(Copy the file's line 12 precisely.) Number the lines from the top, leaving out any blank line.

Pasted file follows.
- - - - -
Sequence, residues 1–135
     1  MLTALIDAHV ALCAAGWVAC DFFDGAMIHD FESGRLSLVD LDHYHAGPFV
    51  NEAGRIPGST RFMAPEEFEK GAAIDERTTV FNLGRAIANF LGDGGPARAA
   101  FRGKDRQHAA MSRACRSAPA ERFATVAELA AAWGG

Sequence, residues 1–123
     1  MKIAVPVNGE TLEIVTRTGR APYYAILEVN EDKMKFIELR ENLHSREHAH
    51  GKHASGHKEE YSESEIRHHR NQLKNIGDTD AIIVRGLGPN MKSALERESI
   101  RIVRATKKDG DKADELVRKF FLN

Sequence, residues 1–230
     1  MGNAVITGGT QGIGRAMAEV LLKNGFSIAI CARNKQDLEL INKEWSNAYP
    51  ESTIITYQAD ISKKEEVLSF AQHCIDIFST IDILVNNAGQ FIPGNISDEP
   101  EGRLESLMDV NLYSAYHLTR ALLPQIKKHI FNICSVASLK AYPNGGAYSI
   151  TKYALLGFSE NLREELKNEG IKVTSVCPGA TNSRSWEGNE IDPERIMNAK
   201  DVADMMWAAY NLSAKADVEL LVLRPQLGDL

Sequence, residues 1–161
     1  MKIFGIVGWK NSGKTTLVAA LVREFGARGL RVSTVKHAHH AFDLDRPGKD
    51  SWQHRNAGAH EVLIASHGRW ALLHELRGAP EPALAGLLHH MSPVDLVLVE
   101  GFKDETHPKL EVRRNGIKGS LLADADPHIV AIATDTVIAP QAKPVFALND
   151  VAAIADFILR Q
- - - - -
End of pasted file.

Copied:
   101  EGRLESLMDV NLYSAYHLTR ALLPQIKKHI FNICSVASLK AYPNGGAYSI